AFCYBER vs. Cyber-Hollywood: Why we need cyber dominance
by Capt. Rob Goza
8th Air Force Public Affairs
4/15/2008 — BARKSDALE AIR FORCE BASE, La. (AFPN) — America's Airmen are working hard to put Bruce Willis's fictional action hero, Detective John McClane, out of work.
In the movie "Die Hard 4: Live Free or Die Hard," an evil hacker uses cyberspace against an Air Force fighter pilot in an Air Force F-35B Lightning II, manipulating the pilot to attack the main character, played by Bruce Willis.
In the film, a fighter plane that isn't yet a part of the United States' arsenal literally hunts the main character through a heavily populated city by hovering in the "Short Takeoff and Vertical Landing" mode.
The scenario of a fighter jet attacking a ground target in a major U.S. city (presumably during an Operation Noble Eagle mission launched to help counter the multiple-front "cyber-terrorist attack" conducted primarily through manipulation of the electromagnetic spectrum), utilizing a hover mode that probably relies more on movie magic than actual operational capabilities, might make Air Force experts wince.
But the concept of the United States' enemies using the electromagnetic spectrum against its forces, turning its own firepower against them, is more than real.
While the "Hollywood" approach sacrifices some technical accuracy, it does an exceptional job of vividly communicating the threat of a worst-case cyber-attack scenario. The movie, which refers to the cyber-attack as a "fire sale" approach that targets the nation's military, utilities, transportation, finance and communications systems, shows a dramatized version of what might happen if the United States' most powerful weapons were turned against it by a supremely savvy cyber-opponent.
For old-school movie aficionados, the F-35 sequence could be described as an extreme version of the airplane chase in Alfred Hitchcock's "North by Northwest," where Jimmy Stewart dodges death - coincidentally, Stewart was an Air Force bomber pilot who served in Eighth Air Force, the numbered air force responsible for the cyber-warfighting mission to "train, equip and provide forces to combatant commanders."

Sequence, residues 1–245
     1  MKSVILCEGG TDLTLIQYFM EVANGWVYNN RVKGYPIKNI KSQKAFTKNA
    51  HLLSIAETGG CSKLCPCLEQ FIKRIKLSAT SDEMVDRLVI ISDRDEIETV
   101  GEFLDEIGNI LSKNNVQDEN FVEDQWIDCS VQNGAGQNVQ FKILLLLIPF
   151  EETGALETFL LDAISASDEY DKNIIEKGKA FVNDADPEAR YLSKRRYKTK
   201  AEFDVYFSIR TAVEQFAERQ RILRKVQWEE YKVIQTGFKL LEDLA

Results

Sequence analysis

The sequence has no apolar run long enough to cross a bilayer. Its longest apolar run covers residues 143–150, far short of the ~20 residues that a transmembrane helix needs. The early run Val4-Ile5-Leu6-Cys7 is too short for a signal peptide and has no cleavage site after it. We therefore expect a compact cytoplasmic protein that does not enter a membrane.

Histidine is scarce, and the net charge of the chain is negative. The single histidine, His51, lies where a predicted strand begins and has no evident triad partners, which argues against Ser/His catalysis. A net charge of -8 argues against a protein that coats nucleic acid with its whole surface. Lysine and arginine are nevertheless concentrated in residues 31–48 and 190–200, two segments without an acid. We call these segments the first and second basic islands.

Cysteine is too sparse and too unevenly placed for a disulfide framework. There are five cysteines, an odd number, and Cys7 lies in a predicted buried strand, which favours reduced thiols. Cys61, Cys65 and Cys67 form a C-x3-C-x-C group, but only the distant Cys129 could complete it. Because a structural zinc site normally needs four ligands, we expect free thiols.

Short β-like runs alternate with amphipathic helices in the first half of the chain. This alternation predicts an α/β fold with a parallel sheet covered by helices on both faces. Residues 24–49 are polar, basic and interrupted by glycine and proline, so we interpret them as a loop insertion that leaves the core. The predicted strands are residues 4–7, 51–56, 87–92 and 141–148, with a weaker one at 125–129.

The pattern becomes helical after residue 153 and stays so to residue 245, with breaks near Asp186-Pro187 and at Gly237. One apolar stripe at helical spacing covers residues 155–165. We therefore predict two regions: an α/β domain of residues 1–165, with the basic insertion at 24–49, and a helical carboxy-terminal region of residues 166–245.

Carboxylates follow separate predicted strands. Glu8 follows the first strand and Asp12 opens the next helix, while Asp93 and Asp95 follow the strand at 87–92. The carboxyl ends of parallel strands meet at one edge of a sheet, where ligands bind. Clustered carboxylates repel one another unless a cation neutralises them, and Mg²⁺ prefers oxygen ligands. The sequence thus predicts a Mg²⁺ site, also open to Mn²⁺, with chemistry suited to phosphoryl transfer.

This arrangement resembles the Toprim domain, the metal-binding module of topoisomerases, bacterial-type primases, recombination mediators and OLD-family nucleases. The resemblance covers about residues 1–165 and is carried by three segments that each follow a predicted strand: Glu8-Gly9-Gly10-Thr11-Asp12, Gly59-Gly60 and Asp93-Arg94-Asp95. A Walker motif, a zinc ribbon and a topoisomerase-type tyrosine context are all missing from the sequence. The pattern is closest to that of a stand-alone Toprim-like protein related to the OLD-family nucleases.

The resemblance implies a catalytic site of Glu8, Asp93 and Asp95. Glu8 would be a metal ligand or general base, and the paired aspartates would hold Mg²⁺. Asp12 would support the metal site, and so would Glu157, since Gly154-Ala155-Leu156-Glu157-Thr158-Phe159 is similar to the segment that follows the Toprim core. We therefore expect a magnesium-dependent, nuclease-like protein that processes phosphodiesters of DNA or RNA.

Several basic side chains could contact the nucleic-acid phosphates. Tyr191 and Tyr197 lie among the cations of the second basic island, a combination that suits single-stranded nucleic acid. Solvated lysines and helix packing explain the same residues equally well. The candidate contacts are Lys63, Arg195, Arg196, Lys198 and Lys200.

A good example a cyber-savvy adversary appears at least as far back as the Vietnam War. In Ronald H. Spector's Vietnam War history, "After Tet," he describes the Viet Cong frequently employing knowledge of U.S. communications procedures to enter the radio net and redirect U.S. artillery fire or air strikes. A perfect example of a cyber-savvy opponent manipulating the electromagnetic spectrum against United States airpower, and eerily similar to the F-35 scene in "Die Hard 4."
By "hacking" access to U.S. military radio communications networks using captured or improvised radio equipment, and using classic "social engineering" techniques of employing radio operators whose understanding of U.S. radio terminology and fluency in American English was so proficient that they could convincingly call on U.S. airpower and artillery to fire on friendly forces.
The point of each of these examples is that even the most incredible aircraft, capable of delivering combat power that is truly unprecedented in the history of the modern world, can be defeated and even turned against friendly forces if the United States fails to maintain control of cyberspace as a warfighting domain. Cyberspace dominance is the key, ensuring the United States military is able to use cyberspace and to prevent the enemy from using it.
The solution is not Bruce Willis' action hero, John McClane, no matter how cool that might seem. Instead, the solution is actually even cooler: the Airmen serving in the Air Force's newest major command, Air Force Cyberspace Command, who carry out their mission to "fly, fight and win in Air, Space, and Cyberspace.